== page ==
Tuesday, May 01, 2007

Jack and I go Boom!

Yesterday Jack and I travelled up to Indiantown, actually to the west side of Indiantown, down a road to a cow pasture that an enterprising gentleman has turned into a game preserve, rifle and pistol range, and a skeet and trap shooting range. Along one side of part of a field there are also some store-front sets, something like the set of a western, where people who dress up like cowboys and pack six-shooters have meets of some sort. We went there to see a lady for a skeet shooting lesson. Her name is Jo Hanley and she is an approved instructor of the National Skeet Shooting Association.

My goal was to hit one clay pigeon. (Jo calls them "birds", also politically incorrect. In the blue states they refer to such things as "clay targets" so we don't hurt the feelings of our feathered friends, and I am not making this up.) I hit several and missed a lot, but Jack did very well. We blasted through 5 boxes of shells, using two Remington 1100s, 20 gauge, that Jo had brought for us. We spent about two hours there.

On the way back to Miami, Jack and I decided that the 4 and 1/2 hour round trip to Indiantown was simply not worth the trouble, as good as Jo is as an instructor. We decided we learned enough from her to go back to Trail-Glade Range, rent their shotguns, and blast away there. But we did break the ice, and Jack discovered that he already has most of the hang of it.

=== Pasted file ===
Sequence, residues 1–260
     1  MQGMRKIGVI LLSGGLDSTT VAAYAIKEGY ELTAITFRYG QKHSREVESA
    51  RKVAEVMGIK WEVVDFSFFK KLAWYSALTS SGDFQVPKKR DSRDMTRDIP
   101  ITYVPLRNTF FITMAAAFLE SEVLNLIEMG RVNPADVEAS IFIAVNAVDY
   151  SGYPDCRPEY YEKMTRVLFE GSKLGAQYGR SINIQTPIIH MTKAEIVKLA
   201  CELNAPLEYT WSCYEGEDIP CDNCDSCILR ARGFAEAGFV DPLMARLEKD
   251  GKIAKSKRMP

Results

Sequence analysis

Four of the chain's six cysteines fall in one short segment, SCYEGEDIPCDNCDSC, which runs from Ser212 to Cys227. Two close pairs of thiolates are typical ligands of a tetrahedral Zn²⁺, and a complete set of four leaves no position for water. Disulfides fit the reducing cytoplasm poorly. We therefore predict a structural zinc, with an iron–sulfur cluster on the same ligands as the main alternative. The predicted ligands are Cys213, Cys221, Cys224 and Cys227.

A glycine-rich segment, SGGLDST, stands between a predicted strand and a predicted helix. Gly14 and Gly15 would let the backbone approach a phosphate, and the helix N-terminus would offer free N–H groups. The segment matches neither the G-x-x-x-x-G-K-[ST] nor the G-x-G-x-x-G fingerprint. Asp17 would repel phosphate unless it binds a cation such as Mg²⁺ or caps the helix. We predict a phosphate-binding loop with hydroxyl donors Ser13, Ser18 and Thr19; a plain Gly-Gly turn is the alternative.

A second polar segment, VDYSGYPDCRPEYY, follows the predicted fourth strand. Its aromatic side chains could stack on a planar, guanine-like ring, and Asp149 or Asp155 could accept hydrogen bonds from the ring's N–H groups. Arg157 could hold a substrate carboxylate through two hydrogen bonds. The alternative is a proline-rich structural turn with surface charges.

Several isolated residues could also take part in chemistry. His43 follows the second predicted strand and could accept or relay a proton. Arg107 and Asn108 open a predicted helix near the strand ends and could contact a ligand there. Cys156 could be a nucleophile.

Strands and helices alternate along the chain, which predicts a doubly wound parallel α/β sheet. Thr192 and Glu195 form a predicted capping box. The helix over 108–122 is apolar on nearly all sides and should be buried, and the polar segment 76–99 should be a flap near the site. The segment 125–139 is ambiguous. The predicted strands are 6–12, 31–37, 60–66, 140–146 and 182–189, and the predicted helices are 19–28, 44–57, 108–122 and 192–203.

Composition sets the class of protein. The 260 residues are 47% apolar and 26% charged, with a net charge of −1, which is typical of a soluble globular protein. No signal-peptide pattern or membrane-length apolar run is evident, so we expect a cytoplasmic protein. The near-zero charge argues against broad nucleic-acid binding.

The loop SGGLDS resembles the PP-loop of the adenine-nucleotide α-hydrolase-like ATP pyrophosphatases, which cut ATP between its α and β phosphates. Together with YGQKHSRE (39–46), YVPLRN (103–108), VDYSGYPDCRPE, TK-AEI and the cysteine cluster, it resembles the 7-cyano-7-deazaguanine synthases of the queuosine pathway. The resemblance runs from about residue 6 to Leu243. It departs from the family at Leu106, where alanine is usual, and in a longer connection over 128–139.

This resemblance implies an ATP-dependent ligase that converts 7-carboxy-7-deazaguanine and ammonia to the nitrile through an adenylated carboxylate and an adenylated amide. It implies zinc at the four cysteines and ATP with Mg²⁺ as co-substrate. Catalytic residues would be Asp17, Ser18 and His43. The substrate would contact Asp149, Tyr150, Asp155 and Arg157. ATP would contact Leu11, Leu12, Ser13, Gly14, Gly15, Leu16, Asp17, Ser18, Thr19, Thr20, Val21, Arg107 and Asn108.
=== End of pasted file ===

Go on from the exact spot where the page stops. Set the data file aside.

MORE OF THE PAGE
As for me, I have the same problem with skeet as I have with golf: I get tense and, as a result, I don't have a smooth swing of the gun as the barrel leads the bird and then follows through after one pulls the trigger. But now and then, I would put it together and blast the bird out of the sky, just as I sometimes smash a golf ball solidly, straight and respectably long. Those moments keep me coming back to golf, and will propel me to more skeet shooting, at least for a while longer, to see if I can get better.

Jack and I are thinking we would each buy a used 20 gauge automatic and see how far we get. He's been emailing me links all day to posts on AuctionArms.com for mostly 12 gauge shotguns for sale. It looks like you can get something for as little as $385, which is not too bad to start with. Stay tuned.


Scott said...

Very cool, Paul. I'm no expert, but am surprised that you went with 20 guages. I've mostly seen 12 guages, which may explain why more of them are for sale.

Anonymous said...

Good point. The teacher brought 20 gauges because the kick is lighter and she knew that she was dealing with at least one greenhorn.